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Hubble has spotted an ancient galaxy that shouldn't exist

You know what really keeps religious folks from believing in scientists claiming that an entire universe worth of stuff just popped up from nothing is. To begin with you have to believe in something from noting. In school we learned with 2 jars, some meat and a piece of cheesecloth that maggots didn't come from meat(And that something doesn't come from nothing). Then they tell us that particles pop into existence all the time from nothing, but no way to prove that it didn't just come from somewhere else, this is made worse by the fact that they now tell us that things can also pop in and out from other places. But since they can't prove that the something from nothing particle isn't actually a something from somewhere else particle. Secondly 99.9%(or more) of everything scientists have told us has been wrong at least once, and often it has to be "revised" many many time(meaning they were wrong many many times.

Hubble data predicts Milky Way galactic collision When Galaxies Collide! It sounds like an early science fiction novel. However, analysis of Hubble measurements shows that our own Milky Way galaxy is moving toward a head-on collision with our nearest neighbor, the Andromeda galaxy (also known as M31). The collision will start in about four billion years, and over the following three billion years the two spiral galaxies will coalesce into a large elliptical galaxy. Based on this data, NASA has produced a video of the upcoming collision. View all Birth of the Moon Posted by admin on Saturday, February 11, 2012 · The latest episode of Cosmic Journeys, enjoy in full HD 1080p. Scientists have been reconstructing the history of the moon by scouring its surface, mapping its mountains and craters, and probing its interior. What are they learning about our own planet’s beginnings? Decades ago, we sent astronauts to the moon as a symbol of confidence in the face of the great cold war struggle.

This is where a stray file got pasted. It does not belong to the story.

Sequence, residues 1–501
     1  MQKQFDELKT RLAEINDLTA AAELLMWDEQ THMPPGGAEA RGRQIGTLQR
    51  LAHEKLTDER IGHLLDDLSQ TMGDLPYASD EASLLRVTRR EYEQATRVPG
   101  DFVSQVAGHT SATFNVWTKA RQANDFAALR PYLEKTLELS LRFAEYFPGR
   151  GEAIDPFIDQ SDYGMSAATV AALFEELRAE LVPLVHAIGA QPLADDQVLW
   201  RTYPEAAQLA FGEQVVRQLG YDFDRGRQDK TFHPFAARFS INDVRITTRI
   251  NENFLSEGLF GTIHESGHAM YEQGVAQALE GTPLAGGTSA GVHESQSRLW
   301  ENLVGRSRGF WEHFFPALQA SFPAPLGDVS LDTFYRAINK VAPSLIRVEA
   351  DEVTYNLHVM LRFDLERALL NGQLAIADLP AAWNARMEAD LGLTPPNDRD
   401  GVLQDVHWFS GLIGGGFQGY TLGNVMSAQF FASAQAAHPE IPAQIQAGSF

The James Webb Space Telescope About Webb's Orbit The James Webb Space Telescope will observe primarily the infrared light from faint and very distant objects. But all objects, including telescopes, also emit infrared light. To avoid swamping the very faint astronomical signals with radiation from the telescope, the telescope and its instruments must be very cold. Therefore, Webb has a large shield that blocks the light from the Sun, Earth, and Moon, which otherwise would heat up the telescope, and interfere with the observations. To have this work, Webb must be in an orbit where all three of these objects are in about the same direction.

Total Solar Eclipse 2012 photos, near Mount Carbine, Queensland, Australia November 14, Queensland, Australia Homepage Astrophotos Australia 2012 photos Purchase Photos! Total Solar Eclipse of November 14, 2012, as seen from a hilltop about 20 miles west of the Outback town of Mount Carbine, Queensland, along the Mulligan Highway (Peninsula Development Road), a road only paved in recent years. Heading inland to get away from coastal showers and clouds which were promising to interfere with the viewing, we drove some 150 miles into the outback to find a good spot the day before and settled upon a remote hillside, up along a dirt track that pulled away from the main road. The location was about 40 miles inland, and 67 miles from Cairns, as the crow flies. About 20 other cars camped out here as well under very dark skies.